An endoscopy is a very safe procedure. Rare complications include:

  • Bleeding. Your risk of bleeding complications after an endoscopy is increased if the procedure involves removing a piece of tissue for testing (biopsy) or treating a digestive system problem. In rare cases, such bleeding may require a blood transfusion.
  • Infection. Most endoscopies consist of an examination and biopsy, and risk of infection is low. The risk of infection increases when additional procedures are performed as part of your endoscopy. Most infections are minor and can be treated with antibiotics. Your provider may give you preventive antibiotics before your procedure if you are at higher risk of infection.
  • Tearing of the gastrointestinal tract. A tear in your esophagus or another part of your upper digestive tract may require hospitalization, and sometimes surgery to repair it. The risk of this complication is very low — it occurs in an estimated 1 of every 2,500 to 11,000 diagnostic upper endoscopies. The risk increases if additional procedures, such as dilation to widen your esophagus, are performed.
  • A reaction to sedation or anesthesia. Upper endoscopy is usually performed with sedation or anesthesia. The type of anesthesia or sedation depends on the person and the reason for the procedure. There is a risk of a reaction to sedation or anesthesia, but the risk is low.

You can reduce your risk of complications by carefully following your health care provider's instructions for preparing for an endoscopy, such as fasting and stopping certain medications.

Symptoms that could mean a complication

Symptoms to watch for after your endoscopy include:

  • Fever
  • Chest pain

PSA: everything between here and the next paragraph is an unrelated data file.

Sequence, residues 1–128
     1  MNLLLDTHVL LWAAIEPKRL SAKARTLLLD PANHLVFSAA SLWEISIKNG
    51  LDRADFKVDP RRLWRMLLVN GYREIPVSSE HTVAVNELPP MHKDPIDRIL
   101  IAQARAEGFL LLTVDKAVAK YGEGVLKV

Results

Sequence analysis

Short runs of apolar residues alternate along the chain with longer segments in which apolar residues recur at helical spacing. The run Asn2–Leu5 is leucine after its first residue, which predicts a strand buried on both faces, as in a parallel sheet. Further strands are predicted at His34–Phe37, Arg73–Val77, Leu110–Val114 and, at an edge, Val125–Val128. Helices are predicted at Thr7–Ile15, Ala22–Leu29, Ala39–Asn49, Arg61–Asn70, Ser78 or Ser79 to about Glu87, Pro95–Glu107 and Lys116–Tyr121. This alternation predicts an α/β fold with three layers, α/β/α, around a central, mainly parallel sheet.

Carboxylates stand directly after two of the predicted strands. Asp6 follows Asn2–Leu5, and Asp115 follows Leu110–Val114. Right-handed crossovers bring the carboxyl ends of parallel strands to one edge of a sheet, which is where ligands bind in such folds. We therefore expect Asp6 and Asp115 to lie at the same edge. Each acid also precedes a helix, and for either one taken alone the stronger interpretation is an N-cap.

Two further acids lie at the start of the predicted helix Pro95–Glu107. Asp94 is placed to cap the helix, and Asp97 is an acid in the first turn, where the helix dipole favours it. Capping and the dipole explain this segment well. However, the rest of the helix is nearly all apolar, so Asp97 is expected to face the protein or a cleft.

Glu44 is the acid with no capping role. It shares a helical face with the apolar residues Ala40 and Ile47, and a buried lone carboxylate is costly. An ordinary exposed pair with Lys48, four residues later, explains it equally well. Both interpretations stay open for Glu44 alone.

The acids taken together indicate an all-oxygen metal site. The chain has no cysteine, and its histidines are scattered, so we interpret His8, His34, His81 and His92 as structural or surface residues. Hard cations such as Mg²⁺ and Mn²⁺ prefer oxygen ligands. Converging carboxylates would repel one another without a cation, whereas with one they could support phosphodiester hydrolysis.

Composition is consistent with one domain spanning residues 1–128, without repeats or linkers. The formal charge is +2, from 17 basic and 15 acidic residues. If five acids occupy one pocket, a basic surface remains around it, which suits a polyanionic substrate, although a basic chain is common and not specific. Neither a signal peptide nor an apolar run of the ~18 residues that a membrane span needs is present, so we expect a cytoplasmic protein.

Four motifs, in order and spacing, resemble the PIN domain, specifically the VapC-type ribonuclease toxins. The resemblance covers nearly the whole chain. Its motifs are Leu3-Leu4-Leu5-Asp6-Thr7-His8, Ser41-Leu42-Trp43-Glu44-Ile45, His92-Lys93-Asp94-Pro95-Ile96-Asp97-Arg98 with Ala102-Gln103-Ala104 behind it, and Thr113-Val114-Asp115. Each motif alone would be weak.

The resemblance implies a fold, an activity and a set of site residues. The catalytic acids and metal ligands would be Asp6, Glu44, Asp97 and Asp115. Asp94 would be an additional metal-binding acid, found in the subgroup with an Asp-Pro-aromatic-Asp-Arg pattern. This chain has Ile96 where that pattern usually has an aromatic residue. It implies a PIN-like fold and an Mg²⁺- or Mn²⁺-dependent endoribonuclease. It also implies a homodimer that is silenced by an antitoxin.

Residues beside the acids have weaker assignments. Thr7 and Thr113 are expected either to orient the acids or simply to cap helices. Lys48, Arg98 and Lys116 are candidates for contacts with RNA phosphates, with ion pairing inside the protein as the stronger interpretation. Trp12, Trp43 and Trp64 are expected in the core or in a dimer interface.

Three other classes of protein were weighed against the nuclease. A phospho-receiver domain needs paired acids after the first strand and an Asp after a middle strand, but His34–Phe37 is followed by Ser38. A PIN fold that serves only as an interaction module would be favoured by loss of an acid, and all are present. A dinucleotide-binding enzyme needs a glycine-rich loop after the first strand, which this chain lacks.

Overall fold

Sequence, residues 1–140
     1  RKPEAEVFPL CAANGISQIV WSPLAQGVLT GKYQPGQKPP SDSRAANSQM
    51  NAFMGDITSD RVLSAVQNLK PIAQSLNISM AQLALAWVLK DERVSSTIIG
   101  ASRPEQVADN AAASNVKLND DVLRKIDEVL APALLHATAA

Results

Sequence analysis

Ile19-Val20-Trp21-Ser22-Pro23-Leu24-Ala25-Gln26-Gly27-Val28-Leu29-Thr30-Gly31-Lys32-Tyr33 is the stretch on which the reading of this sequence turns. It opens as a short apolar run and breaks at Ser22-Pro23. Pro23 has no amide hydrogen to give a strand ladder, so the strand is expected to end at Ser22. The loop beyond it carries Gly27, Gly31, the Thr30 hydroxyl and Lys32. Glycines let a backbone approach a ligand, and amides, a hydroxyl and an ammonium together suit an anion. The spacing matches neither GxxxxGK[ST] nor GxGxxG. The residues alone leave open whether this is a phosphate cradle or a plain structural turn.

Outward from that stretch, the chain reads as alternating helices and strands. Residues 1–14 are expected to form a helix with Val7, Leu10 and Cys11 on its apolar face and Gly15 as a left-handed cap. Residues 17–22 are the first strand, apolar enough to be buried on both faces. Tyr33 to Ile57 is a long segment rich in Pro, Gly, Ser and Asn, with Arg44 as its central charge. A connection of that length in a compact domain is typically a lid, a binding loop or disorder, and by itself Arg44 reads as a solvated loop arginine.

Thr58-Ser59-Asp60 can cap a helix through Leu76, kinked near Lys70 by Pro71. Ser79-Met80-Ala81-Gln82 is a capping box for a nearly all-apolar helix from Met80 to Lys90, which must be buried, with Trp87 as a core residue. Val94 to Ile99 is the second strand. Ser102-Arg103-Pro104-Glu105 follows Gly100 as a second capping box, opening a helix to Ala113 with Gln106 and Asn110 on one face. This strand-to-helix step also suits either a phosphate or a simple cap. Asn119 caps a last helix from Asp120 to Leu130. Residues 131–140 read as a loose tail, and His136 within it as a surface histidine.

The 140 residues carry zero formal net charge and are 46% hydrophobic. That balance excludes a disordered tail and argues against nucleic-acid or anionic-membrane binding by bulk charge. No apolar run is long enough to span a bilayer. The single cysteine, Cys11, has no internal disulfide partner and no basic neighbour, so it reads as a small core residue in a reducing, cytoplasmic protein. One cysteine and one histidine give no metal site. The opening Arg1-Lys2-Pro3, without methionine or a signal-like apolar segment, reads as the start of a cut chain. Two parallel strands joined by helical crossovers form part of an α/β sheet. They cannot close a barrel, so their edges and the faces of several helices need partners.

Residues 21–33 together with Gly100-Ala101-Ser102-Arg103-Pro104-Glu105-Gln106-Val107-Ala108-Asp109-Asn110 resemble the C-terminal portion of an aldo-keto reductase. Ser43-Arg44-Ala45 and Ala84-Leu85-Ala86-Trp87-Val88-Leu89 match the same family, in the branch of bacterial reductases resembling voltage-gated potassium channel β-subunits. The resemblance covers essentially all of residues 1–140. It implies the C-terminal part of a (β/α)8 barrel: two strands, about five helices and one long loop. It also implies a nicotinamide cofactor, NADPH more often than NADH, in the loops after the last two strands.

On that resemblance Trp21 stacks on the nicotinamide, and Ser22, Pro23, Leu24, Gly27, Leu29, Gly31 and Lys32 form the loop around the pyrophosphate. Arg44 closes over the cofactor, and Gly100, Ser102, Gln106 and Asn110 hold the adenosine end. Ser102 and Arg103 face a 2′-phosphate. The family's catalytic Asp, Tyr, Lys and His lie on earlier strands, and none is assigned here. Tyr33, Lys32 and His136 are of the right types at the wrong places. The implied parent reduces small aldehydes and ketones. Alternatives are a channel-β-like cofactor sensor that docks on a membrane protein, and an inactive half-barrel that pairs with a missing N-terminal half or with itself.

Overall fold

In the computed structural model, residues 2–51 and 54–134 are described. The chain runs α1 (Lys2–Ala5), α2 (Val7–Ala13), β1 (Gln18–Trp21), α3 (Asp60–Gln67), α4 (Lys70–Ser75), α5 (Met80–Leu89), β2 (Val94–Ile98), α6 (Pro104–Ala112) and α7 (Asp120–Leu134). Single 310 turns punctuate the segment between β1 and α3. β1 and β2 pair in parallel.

• Shortness of breath
  • Bloody, black or very dark colored stool
  • Difficulty swallowing
  • Severe or persistent abdominal pain
  • Vomiting, especially if your vomit is bloody or looks like coffee grounds

Call your provider immediately or go to an emergency room if you experience any of these symptoms.

Aug. 26, 2022
  1. Feldman M, et al., eds. Preparation for and complications of gastrointestinal endoscopy. In: Sleisenger and Fordtran's Gastrointestinal and Liver Disease: Pathophysiology, Diagnosis, Management. 11th ed. Elsevier; 2021. https://www.clinicalkey.com. Accessed Aug. 4, 2022.
  2. Cohen J, et al. Overview of upper gastrointestinal endoscopy (esophagogastroduodenoscopy). https://www.uptodate.com/contents/search. Accessed Aug. 4, 2022.
  3. Upper GI endoscopy. National Institute of Diabetes and Digestive and Kidney Diseases. https://www.niddk.nih.gov/health-information/diagnostic-tests/upper-gi-endoscopy. Accessed Aug. 4, 2022.
  4. Understanding upper endoscopy. American Society for Gastrointestinal Endoscopy. https://www.asge.org/home/for-patients/patient-information/understanding-upper-endoscopy. Accessed Aug. 4, 2022.
  5. Picco MF (expert opinion). Mayo Clinic. Aug. 16, 2022.

Upper endoscopy